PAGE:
Preserving target file's creation date

Jerry jerry at
Thu Oct 1 11:34:17 UTC 2020

On Wed, 30 Sep 2020 23:24:35 -0500, Scott Bennett via freebsd-questions
>     On Tue, 29 Sep 2020 13:40:51 +0200 Polytropon <freebsd at>
>>On Tue, 29 Sep 2020 06:42:18 -0400, Jerry wrote:  
>>> I am trying to copy/move one file onto another. I need to preserve
>>> the creation date of the target file. I see options to preserve the
>>> creation date of the source file, but not the target file. Is it
>>> possible?  
>>THis is possible - it's important you do not unlink (remove)
>>the original file whose creation time you want to preserve.
>>I'm not sure if cp does this while overwriting, but you can
>>use shell redirection:
>>	$ cat /path/to/souce/file > /path/to/target/file
>>Only the modification date will be altered. You can verify
>>that using "stat filename".
>>Note that creation time refers to the inode. Even if you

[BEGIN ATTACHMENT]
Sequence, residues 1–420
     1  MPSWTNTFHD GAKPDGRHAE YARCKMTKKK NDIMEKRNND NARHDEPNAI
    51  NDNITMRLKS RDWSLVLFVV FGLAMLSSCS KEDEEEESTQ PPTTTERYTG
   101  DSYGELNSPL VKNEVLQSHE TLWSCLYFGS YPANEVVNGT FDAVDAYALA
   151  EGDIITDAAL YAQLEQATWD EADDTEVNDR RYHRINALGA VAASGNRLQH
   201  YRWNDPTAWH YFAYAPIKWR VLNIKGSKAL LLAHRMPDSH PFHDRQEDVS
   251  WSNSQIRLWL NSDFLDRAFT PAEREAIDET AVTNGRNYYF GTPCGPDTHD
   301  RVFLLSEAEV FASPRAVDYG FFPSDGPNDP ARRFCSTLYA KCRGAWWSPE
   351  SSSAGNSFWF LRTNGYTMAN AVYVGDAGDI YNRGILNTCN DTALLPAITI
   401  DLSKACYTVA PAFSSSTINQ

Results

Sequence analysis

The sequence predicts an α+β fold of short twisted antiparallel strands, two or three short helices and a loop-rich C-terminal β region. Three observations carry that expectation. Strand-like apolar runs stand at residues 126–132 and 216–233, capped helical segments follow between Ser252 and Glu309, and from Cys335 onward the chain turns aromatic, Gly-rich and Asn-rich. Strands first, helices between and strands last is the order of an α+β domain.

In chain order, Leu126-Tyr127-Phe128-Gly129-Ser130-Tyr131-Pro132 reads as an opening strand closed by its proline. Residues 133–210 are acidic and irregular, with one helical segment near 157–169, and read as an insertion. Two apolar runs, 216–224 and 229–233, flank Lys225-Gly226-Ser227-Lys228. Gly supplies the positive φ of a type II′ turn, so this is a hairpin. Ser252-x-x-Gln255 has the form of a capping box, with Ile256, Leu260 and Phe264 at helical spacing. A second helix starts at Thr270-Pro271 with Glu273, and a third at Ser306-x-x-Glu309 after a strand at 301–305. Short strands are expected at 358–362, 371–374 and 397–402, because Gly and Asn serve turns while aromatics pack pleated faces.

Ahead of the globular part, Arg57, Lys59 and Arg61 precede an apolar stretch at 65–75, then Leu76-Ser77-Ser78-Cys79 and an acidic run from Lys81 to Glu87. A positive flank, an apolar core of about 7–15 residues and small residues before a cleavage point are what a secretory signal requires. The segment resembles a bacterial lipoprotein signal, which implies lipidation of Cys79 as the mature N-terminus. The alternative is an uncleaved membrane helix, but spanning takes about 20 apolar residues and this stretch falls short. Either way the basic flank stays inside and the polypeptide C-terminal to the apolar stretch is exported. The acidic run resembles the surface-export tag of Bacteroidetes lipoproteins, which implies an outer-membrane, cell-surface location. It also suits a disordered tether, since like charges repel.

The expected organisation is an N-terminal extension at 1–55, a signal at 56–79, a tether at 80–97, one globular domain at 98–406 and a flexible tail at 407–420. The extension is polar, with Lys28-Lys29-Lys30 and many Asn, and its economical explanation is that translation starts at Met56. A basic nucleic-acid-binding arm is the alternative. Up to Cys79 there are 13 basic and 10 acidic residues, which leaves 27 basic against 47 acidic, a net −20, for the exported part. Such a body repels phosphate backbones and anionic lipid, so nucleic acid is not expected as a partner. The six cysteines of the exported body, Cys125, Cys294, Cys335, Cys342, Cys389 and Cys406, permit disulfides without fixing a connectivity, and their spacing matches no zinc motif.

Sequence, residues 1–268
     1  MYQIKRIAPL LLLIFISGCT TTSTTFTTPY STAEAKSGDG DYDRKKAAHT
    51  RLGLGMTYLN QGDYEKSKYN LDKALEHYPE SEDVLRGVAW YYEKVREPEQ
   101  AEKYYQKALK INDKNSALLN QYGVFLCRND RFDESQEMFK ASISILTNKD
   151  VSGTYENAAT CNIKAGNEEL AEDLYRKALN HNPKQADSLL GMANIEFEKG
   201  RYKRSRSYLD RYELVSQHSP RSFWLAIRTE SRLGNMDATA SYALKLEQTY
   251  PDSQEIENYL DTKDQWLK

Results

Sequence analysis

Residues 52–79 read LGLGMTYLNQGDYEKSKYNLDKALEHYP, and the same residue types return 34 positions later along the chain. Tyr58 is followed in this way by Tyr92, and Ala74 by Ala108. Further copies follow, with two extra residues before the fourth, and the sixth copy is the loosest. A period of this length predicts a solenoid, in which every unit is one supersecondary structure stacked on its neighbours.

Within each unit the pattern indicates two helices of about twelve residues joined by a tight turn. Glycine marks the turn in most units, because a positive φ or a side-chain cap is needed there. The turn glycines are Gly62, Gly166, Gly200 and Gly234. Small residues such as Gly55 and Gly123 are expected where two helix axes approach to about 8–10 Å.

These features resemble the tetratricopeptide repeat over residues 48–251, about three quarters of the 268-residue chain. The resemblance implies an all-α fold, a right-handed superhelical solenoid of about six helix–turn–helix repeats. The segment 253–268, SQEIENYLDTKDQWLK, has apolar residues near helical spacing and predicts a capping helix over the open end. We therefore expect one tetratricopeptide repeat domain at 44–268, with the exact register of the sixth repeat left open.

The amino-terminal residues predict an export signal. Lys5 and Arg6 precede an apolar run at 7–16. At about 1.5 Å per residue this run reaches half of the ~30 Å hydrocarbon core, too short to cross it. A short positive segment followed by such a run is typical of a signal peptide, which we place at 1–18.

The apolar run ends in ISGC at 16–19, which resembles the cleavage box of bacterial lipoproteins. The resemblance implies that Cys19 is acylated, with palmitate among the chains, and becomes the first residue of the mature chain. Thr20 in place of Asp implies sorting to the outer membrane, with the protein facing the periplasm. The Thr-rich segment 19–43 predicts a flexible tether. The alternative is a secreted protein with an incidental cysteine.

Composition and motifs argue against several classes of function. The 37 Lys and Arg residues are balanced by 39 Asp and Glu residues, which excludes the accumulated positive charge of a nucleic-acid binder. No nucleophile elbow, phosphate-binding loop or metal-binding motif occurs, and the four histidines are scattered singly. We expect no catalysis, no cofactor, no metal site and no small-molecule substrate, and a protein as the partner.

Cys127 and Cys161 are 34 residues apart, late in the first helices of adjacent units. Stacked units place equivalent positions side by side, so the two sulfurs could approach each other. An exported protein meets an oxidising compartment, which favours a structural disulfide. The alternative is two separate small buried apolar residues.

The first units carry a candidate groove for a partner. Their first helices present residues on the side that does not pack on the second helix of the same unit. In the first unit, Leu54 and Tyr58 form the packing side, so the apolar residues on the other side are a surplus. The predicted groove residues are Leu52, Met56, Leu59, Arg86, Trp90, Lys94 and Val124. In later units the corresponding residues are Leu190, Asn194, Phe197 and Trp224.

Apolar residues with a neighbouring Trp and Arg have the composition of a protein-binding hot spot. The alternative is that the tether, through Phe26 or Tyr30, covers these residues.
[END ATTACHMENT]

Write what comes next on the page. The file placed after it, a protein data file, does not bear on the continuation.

>>re-create a file (remove, then create with the same name),
>>you'll probably get a different inode, and therefore a
>>different creation time.
>>If you want to preserve modification and access time, you
>>can do so using "cp -p"; to alter them after creation,
>>use "touch -m" and "touch -a" respectively.
>     There exists another way that allows one to set the ctime.
> Offhand,
>I don't have any idea how to do it, but restore(8) certainly does.  A
>"restore -rf /some/backupmadebydump/file" will restore an entire
>filesystem with each file's full set of timestamps intact.  Recall
>that restore(8) rebuilds the filesystem by engaging the filesystem
>code, not by writing to a raw device.
>     Any ideas what restore does to accomplish that?

I found that 'touch -r <source file> <target file>' works. It involves
slightly more work than I had intended, but it gets the job done.


More information about the freebsd-questions mailing list